Bought the CD+Vinyl version of this album.
The album itself is excellent; relaxing yet engaging throughout. Thoroughly recommend.
The vinyl pressing, though - like other reviewers have expressed - is poor. The dynamic range sounds very compressed and resembles a 128kbps mp3 file at best. The copy that I received is also heavily warped, not something expected from brand new 185g vinyl. Disappointing. Glad the CD is included!
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By D. I. Hill on 28 Nov. 2012
Format: Audio CD Verified Purchase
Being a fan of Young Marble Giants from the late 70s/early 80s I thoroughly enjoyed The XX's first CD and went back to listen to Collosal Youth once again! Whilst I was looking forward to seeing how the group had developed from album 1 this is essentially the same sound but the content is not as memorable or distinctive. Enjoyable but lacking the spark of relative innovation that the first album provided.
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Format: Audio CD
More of the same here from The xx, which is precisely why I bought the album. Coexist has a very similar feel to their debut album, almost a continuation of the mercury award winning debut.

If you liked their debut you'll be hard pressed to find fault here. It was a tough ask to follow XX but they more than match the hype.

Chained and fiction have to be the highlights for me.
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By Miss Lornie JB on 4 Sept. 2013
Format: Audio CD Verified Purchase
Bought it for my other half's birthday after seeing them on TV at Glastonbury (I know - where have I been!)

We both love this CD, but argue over which one is best XX or Coexist?

Delivery not great, even though I paid for express delivery (Took 3 days, not 24 hours!!) but in good condition and no hassles really.
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2 of 3 people found the following review helpful By belvoirman on 12 Sept. 2012
Format: Audio CD Verified Purchase
The XX had a stunning debut album released when they were still in their teens which saw them emerge with a unique sound fully formed apparently out of nowhere. That album was critically acclaimed , won the Mecury Music Prize, and was a commercial success subsequently selling over a million. The new follow up is in the same mould, but it is better produced, and vocals are now more to the fore. The characteristic sound is subtle beats and synthesisers, woven though with a slinky bass, and shimmery spiderlike guitar. The arrangements are gentle and enchanting, subtley growing on you. The mood is generally downbeat, lyrics highlight fears of relationships falling apart. Romy Madley Croft's vocals remind me at times of Tracy Thorn's vocal style , they are clear, chilled, gorgeously executed, spine tingling, right from the stunning opener Angels. Second track Chained has a lovely duet with Oliver Sim, while track 3 ,Fiction has just Oliver singing. In general my favourite tracks are the slightly off kilter duets featuring both Romy and Oliver beautifully complementing each other. The third band member Jamie Smith is a production whizz kid, in demand by others, who is responsible for their blissed out subtle music, leaving plenty of space in the arrangements. Try is another duet track, while Reunion stands out as being a bit different with subtle organic steel pans taking the place of the usual synthesiser. Most of the tracks are only just over 3 minutes, and the album glides by, creating a lovely ambience . I am sure this will be another big hit and a strong contender for album of the year . Such brilliance from a trio of 23 year olds , who go on from strength to strength, great stuff.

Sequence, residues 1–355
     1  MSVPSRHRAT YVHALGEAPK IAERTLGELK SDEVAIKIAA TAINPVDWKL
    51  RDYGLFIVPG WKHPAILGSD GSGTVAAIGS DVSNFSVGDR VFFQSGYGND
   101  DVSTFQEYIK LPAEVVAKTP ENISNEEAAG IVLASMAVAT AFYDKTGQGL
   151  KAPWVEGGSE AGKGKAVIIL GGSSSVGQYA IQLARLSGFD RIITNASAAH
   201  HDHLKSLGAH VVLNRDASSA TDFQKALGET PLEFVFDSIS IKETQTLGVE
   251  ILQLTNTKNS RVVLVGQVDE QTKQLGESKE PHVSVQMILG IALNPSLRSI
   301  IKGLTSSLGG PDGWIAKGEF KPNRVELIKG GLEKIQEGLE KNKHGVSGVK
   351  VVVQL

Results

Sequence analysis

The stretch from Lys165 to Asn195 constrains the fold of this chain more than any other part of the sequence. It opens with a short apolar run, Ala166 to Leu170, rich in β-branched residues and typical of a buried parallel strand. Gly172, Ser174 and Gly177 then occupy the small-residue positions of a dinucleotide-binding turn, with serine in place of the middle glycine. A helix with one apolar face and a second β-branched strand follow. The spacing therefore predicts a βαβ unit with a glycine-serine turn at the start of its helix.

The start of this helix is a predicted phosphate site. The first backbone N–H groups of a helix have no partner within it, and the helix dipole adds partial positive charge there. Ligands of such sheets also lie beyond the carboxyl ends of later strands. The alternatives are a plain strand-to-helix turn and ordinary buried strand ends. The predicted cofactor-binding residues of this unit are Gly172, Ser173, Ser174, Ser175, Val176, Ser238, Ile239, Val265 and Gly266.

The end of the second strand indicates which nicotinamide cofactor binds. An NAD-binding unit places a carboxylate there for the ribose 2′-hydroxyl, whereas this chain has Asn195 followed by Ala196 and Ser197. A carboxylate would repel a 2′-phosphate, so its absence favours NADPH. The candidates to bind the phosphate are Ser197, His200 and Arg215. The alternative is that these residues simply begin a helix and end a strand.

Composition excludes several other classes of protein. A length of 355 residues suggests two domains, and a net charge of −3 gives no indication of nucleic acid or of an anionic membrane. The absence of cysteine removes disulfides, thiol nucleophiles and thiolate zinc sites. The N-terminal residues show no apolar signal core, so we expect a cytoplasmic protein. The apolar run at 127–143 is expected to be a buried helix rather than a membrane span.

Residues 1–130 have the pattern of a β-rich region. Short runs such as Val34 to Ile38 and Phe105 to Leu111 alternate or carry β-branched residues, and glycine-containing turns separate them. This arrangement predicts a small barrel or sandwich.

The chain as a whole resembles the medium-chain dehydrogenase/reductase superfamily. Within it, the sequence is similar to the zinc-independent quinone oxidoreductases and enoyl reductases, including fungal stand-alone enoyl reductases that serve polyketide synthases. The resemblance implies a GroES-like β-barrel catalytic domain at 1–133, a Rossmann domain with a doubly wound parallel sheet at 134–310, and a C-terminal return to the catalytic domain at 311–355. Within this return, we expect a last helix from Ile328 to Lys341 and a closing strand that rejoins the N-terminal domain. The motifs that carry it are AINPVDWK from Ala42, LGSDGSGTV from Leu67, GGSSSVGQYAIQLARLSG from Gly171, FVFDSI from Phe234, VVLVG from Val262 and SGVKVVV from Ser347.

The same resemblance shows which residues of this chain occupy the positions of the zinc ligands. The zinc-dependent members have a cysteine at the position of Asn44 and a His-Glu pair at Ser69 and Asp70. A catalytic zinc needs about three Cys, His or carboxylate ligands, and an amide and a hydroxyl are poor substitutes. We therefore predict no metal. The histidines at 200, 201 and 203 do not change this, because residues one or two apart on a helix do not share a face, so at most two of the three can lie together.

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5 of 7 people found the following review helpful By Douglas Milne on 1 Nov. 2012
Format: Audio CD
I like the XX I really do. Or maybe I should say I really want to like them. Lyrically this album is as strong if not stronger than their first one but it is not as musically memorable. When I listen to there is whole swathes of it when I tune out - somewhere between the end of Fiction (the third track) and the last one. Suddenly it's the end of the album and I can't remember much of what came in between. There are no standout tracks like VCR, Crystalised, Islands, Heart Skipped A Beat or Basic Space on this second album. Just odd spooky music that lulls, swirls and beeps rather than makes you sit up and take notice. The music is too sparse on this album. On the first one the spare nature of the music didn't matter because (a) this way of doing music was pretty new to us so it had novelty value and (b) there was enough good tunes to fill out the sparseness. But this time they get caught out - we've heard it all before and unfortunately what we get is a music lite version of the XX's first album. Which means that this album is very lite indeed.

But lyrically the XX are brilliant - charting and expressing the complexities and pain of relationships and love (especially love gone sour) like no other band. If only they could have created better music to go along with the insights and poetry then they would have made a classic album.

Oh well roll on the third one. This one is not a bad album it just doesn't blow you away or make you feel that the XX have developed any new musical ideas or direction.